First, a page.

Indiana and other states should be doing more to detect schools that are cheating on standardized tests, according to a nationwide reporting project led by the Atlanta Journal-Constitution newspaper.
But education officials and at least one researcher have questioned the AJC’s methodology and conclusions, suggesting they focus suspicion on schools that probably haven’t done anything wrong.
The newspaper looked at test scores in schools across the country to try to identify anomalies like those that touched off an investigation of cheating in Atlanta schools. That probe found that at least 178 Atlanta educators tampered with tests.
AJC reporters flagged schools with year-to-year test scores changes that seemed too big to result from chance or good or bad teaching. For example, if test scores for a school’s fifth-graders in 2010 were markedly different from those of the same school’s fourth-graders in 2009, suspicions were aroused.
“The analysis doesn’t prove cheating,” the newspaper said. “But it reveals that test scores in hundreds of cities followed a pattern that, in Atlanta, indicated cheating in multiple schools.”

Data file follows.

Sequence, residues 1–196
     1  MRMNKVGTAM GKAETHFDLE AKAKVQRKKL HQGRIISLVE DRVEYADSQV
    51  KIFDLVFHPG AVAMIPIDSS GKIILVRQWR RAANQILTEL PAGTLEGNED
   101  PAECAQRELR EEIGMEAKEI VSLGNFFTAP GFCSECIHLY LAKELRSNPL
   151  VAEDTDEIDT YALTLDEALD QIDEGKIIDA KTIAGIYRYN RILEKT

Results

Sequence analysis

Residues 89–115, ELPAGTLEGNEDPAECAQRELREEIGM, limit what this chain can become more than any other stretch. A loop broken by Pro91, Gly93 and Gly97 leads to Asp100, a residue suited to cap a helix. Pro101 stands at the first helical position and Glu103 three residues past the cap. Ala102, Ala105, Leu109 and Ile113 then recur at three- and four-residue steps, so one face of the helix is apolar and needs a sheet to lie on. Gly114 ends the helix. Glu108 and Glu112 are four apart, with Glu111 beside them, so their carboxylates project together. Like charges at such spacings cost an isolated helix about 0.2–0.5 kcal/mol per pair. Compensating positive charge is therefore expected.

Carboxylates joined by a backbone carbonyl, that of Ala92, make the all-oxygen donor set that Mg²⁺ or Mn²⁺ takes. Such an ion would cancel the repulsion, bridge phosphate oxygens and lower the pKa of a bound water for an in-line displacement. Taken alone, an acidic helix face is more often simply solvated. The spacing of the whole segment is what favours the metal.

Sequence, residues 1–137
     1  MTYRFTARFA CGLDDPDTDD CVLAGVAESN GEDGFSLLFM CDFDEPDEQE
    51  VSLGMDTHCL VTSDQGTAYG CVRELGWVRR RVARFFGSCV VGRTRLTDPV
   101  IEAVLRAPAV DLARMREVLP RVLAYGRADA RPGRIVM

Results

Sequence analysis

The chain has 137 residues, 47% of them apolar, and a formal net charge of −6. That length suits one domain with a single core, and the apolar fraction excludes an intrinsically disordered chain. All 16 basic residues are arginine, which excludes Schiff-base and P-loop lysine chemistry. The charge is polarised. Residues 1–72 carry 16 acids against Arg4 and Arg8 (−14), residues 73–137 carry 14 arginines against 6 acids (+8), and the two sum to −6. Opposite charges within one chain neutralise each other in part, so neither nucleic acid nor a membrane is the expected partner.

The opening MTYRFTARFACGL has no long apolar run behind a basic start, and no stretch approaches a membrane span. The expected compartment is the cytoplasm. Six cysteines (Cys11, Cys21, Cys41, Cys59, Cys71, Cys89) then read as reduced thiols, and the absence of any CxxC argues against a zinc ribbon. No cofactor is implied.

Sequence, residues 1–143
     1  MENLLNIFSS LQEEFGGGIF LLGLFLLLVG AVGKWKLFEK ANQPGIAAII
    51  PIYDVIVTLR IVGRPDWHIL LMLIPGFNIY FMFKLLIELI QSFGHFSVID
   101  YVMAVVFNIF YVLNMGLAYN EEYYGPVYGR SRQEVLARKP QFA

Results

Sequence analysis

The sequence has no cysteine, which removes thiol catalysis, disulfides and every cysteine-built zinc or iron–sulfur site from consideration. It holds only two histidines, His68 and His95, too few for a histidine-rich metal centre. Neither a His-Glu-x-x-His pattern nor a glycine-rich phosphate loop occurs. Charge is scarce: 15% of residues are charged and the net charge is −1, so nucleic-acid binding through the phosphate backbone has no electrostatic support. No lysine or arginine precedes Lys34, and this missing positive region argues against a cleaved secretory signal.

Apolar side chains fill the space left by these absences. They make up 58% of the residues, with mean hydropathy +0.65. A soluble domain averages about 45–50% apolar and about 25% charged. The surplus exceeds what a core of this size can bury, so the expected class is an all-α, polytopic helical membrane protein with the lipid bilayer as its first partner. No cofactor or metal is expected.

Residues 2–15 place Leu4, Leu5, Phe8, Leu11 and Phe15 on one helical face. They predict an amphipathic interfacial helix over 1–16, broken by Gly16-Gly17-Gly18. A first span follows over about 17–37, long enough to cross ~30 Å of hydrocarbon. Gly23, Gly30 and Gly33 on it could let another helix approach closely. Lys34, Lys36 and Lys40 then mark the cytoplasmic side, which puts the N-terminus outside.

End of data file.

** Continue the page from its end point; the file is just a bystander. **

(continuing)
According to the article, a school should expect to have up to 5 percent of its classes experience unusual changes in test scores from one year to the next. Districts that consistently have more than 10 percent of their classes flagged for unusual changes merit further scrutiny, it said.
But Western Michigan University researcher Gary Miron, writing for The Answer Sheet blog at the Washington Post, argues that the AJC’s methodology is flawed, and what may look like cheating, on further examination, probably isn’t.
Miron consulted with USA Today on its prize-winning investigation of possible cheating in Washington, D.C., schools, which looked at year-to-year changes in test scores for individual students as well as rates of erasures on the tests. He said the AJC’s approach – relying on class-level data, not individual scores – probably results in comparing test scores for different groups of students. Continue reading